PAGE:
Sales Make it Happen
Managing and Motivating Your Sales Force
By Linda P. Kester
Are these complaints familiar? " Our credit department or funding source is too tight. " Our rates are too high! "Each leasing company I work with has some salespeople who inevitably make those statements. When I look at the volume numbers of the rep's who are complaining they are usually at the bottom of the companies' productivity ranking. The rep's in the top 20% are either on the phone
or out in the field. They're too busy to complain, sometimes even too busy to appeal a marginal deal. What can we do about the complainers? Bring them into the top 20%.
When I was a sales manager, the best rep I had on my team could not do a cash flow schedule on her HP-17b, and she was not the most experienced. In fact, she was kind of "unpolished" I wasn't concerned about that; I knew she could be fine-tuned in the areas where she needed improvement. So why was she my best rep? She wasn't afraid to go out there, to call on lessees and vendors and sell them. I wish I had twenty reps like her.
In my experience in leasing there are only two reasons why a sales rep fails to succeed: lack of integrity and lack of activity. If you find out about an integrity problem cut your losses ASAP. If your reps have an activity problem, like complainers in the above example, it's usually a result of a lack of confidence. If they don't feel comfortable with their skills and leasing knowledge, they will be uncomfortable prospecting.
Top reps have three things going for them knowledge, skills, and motivation. On going training on selling skills and the leasing industry will help your reps gain confidence. To have these confident reps enter the top 20% of your sales force you have to help them. focus on the future. Your goal as a sales manager is to instill in your reps the hope, anticipation, and determination that can make selling so exciting. Many of your reps know what they should do, but they never do it. The reason is that they're lacking the drive that only compelling future can provide.
Good performance starts with clear goals. People begin a task by deciding where they want to go. When you hire a new rep you have to give him goals for even the first month of his employment. He needs this so that he can measure
himself against your expectations. I'm amazed when I ask a rep what his volume goals is for the month and he doesn't know. People often complain about a lack of time when the lack of direction is the real problem.
Your reps need to know on a daily basis how many applications they have to get in order to achieve their volume goal. It's a simple formula. Say their goal is $400,000 a month. If their average transaction size is $12,000, and they have an approval rate of 70%, and 80% of what is approved gets booked, then they need 60 applications to get to their goals. If you have an average of twenty business days in the month then this breaks down into three apps per day.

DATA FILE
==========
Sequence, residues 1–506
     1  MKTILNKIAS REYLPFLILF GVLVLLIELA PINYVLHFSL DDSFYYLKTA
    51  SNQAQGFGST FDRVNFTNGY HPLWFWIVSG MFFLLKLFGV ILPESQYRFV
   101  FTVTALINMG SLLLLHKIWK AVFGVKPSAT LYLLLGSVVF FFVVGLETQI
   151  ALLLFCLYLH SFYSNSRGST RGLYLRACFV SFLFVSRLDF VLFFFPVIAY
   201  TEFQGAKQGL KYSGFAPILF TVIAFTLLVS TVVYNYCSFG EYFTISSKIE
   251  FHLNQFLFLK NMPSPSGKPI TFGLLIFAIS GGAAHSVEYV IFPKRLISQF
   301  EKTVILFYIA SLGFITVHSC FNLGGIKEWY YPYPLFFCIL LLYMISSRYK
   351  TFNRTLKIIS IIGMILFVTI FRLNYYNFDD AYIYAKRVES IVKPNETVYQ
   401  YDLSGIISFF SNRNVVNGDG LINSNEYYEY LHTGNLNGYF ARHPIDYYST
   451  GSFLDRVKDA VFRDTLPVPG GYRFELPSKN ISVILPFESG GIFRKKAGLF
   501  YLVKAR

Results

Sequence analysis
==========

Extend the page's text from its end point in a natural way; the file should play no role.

Then you can figure out how many prospect calls it takes to get one application. Just have your reps keep a tic sheet of how many calls they've made and how many applications they've received in one day. After one week you can get a feel for a new rep, of how many prospects calls he has to make before he gets an application. You and your reps both need to know on a daily basis if your reps are moving toward their goals. It's a very simple technique, and many contact management software programs make the process easier.
Once you've figured out your reps goals, then you have to discover what motivates them. What motivates people? Recognition, money and material goods, career advancement opportunities, pride in achievement, an opportunity to give service to others, relationships with co-workers, competition with others. Here are some techniques for creating a motivating environment in your company.
Work as a team. The best people in the business are team players and coaches. If a struggling rep has the support and guidance from senior employees and they feel that they are contributing to a larger cause, they may in turn work harder.
Post your monthly volume goal on the wall. The sales team should be able to see its goals at a glance and know what's expected of them individually, and as unit. Also, keep track of every application you receive on a daily basis. This way you know if you're on track.
Recognition Area . Make the physical environment a place where people want to come to work, where they can get positive messages and where they can see their goals set out before them. Use wall space as a gallery for reminders of rep's achievement and to post testimonial letters from satisfied customers.
Follow the rules of positive reinforcement. Behavior that gets rewards gets repeated. If you want someone to behave in a certain way (make more prospect calls, get more orders, etc.), then you must reward them for that behavior.
The secret to success is to drop the negatives and excuses. Get going with a goal directed program, adopt a policy of team work, believe in hard work plus positive thinking, and you will have a successful sales force.
(This was written by Linda Kester and appeared in Leasing News in June, 2000.)
Linda Kester motivates, educates and empowers leasing sales reps to obtain top performance and increase volume. She provides enthusiastic and practical ideas for success. For more tips visit www.lindakester.com